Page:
DAY FOUR of our Skye Munros sweep and the Black Cuillin ridge had taken a toll.
There was a noticeable physical tiredness in our group after three tough days on Scotland’s most challenging mountains, and, I suspect, a psychological one too.
We were heading for the Sligachan threesome, Am Basteir, Sgurr nan Gillean and Bruach na Frithe, but for one or two of our party, the earlier exertions were kicking in big-time.
As we were kitting up to leave, we noticed one struggling to put on her boots, wincing with every pull. On closer examination her feet were a mess, cut and heavily blistered. She decided she couldn’t face going out.
Normally when someone is struggling, you accept it may be a good idea to have a rest day. But this was the Cuillin; we had walked as a team all week, and she was only one walk away from ticking all the Skye Munro summits.
For most of the group this was a one-off, a great opportunity to climb these iconic peaks in this company. If she missed out now, it might be years before she got another shot. We had to push her through the pain barrier. Her mind was saying Yes but her body – and in particular her feet – was voting No.
I had been in this position a few times before. Once, when closing in on my second Munros ‘compleation’ date, I had to heavily bandage my feet and take an elephant’s dose of painkillers before attempting the long walk down Glen Affric to distant An Socach.
My recollections of the walk are happy but a little hazy, but I do remember sitting blissfully at the summit cairn while hundreds of little pink rabbits frollicked around me blowing trumpets and waving bunting. Damn, those painkillers were good.
I had also previously poked reluctant walkers along narrow ridges – the lesser of two evils, it was either that or spend five hours going back the way we had come – and ‘persuaded’ another friend to climb Ben Hope when he felt time was too tight (it wasn’t).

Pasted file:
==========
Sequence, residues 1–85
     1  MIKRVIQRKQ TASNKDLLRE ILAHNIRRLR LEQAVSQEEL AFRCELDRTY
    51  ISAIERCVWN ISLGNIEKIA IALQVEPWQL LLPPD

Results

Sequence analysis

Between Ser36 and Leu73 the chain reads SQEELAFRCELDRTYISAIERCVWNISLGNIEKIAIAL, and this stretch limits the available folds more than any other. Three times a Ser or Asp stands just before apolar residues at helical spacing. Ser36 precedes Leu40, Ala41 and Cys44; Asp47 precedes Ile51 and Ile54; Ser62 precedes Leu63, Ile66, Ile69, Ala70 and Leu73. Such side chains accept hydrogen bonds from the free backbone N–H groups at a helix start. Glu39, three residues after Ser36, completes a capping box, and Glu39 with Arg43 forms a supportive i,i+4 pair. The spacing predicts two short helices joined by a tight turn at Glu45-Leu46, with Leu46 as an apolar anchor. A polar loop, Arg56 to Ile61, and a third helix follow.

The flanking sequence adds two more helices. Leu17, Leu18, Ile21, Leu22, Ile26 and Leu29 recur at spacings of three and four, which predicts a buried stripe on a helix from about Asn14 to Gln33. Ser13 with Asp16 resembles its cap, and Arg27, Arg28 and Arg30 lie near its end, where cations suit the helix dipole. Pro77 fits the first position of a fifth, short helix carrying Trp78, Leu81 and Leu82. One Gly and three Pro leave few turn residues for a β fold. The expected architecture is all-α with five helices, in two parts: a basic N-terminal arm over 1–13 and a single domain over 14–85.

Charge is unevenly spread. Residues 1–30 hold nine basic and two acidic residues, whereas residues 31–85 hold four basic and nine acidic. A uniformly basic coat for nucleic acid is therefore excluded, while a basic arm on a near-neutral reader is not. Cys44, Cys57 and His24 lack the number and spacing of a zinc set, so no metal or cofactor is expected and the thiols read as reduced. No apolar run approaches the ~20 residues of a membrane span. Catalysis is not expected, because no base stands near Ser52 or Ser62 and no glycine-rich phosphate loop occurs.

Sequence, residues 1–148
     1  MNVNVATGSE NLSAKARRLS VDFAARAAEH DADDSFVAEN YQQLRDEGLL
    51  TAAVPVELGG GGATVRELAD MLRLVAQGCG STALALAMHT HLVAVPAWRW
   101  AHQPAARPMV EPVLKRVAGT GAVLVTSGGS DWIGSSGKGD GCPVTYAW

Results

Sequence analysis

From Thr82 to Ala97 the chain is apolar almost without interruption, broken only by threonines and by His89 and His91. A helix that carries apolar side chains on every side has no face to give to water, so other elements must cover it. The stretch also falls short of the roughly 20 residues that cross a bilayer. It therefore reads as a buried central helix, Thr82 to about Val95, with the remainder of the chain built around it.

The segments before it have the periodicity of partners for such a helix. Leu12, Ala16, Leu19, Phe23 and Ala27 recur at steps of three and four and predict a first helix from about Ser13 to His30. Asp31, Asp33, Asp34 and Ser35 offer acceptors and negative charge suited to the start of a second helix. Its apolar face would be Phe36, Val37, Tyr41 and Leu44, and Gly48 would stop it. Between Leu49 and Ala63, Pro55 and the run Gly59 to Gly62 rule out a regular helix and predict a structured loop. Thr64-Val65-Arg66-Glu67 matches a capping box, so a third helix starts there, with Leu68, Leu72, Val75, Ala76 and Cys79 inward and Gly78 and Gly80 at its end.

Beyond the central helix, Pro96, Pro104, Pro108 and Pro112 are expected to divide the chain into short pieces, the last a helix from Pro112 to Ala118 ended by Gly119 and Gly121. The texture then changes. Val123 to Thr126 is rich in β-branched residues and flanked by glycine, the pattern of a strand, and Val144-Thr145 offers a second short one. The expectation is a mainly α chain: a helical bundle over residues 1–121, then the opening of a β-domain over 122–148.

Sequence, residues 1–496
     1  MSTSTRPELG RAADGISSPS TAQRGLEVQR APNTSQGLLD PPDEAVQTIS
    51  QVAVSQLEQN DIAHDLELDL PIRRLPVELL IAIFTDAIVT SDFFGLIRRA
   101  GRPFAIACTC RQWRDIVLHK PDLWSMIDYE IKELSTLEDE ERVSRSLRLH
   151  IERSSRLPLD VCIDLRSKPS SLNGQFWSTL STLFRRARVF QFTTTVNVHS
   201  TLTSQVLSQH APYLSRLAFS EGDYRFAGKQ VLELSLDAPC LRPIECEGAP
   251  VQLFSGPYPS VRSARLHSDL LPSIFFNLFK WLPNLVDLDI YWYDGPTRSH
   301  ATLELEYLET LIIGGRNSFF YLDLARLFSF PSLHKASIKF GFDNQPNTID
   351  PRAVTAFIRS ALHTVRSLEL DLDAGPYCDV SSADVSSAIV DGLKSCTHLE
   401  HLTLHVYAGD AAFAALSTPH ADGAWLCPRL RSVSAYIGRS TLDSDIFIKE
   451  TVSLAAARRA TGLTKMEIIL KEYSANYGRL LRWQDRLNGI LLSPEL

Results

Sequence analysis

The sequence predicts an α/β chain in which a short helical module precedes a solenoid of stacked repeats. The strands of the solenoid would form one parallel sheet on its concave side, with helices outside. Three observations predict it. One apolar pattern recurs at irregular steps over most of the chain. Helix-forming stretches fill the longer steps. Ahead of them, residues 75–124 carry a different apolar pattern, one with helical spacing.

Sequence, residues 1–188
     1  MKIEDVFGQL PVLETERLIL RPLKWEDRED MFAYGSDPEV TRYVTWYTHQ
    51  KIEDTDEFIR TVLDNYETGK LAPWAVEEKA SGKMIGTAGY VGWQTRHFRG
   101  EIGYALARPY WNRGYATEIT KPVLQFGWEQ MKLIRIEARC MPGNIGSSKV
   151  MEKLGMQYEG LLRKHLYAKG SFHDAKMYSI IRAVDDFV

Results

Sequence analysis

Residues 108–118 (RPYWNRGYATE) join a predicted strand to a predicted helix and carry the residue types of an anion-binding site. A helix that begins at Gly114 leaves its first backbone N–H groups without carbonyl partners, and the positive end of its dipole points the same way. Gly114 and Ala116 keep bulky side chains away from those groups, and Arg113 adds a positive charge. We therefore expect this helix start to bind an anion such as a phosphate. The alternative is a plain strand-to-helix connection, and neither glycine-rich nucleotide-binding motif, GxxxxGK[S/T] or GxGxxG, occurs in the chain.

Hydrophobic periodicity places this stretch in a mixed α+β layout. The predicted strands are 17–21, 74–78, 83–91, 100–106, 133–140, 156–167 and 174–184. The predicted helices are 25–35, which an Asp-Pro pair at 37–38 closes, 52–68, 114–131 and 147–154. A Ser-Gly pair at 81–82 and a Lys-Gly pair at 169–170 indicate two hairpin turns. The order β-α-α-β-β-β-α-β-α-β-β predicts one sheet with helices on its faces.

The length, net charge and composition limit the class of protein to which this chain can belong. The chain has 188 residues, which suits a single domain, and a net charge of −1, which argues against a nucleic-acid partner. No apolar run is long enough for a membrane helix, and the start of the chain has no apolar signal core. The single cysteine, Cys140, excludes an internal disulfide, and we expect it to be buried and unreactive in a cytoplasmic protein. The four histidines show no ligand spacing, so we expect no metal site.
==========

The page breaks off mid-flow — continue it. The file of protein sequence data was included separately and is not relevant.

So despite our friend’s obvious discomfort, there was no way we were leaving her behind. One member of the group even promised he would carry her out if necessary, though I felt that would be taking the Leave No Trace message to its extreme.
We bathed and cleaned her wounds, covered the cuts and padded the blisters, then wrapped her feet further. Then came the hard part – getting the boots on. There was much groaning and grimacing, but eventually the task was complete. Now all she had to do was stand up.
The first tentative step was agony, so there wasn’t a second.
“I don’t think this is going to work,” she said through gritted teeth. I had no doubts, though. “It will be agony for about ten minutes, then it will settle down. Trust me.” (Disclaimer: Most of you will know you really should never trust anyone who says: Trust me.)
It worked. She hobbled and limped her way along the path at first, then her stride gradually became firmer. After about half an hour, she had forgotten about the problem and was matching the group step with no bother.
We traversed stony ledges to Am Basteir, then climbed a chimney to reach Sgurr nan Gillean’s tricky West Ridge before abseiling back down, and finished with the more leisurely walk along to Bruach na Frithe with hardly a twinge.
The rocky route down Coire Bhasteir was painless too, the euphoria at having beaten the pain barrier to complete her Skye week overcoming any niggles.
When we arrived back at the Slig, it felt like a triumph for all of us. We had started the week as a group and we had finished it that way. It was the first time I had ever been thanked for forcing someone to climb a mountain against their will.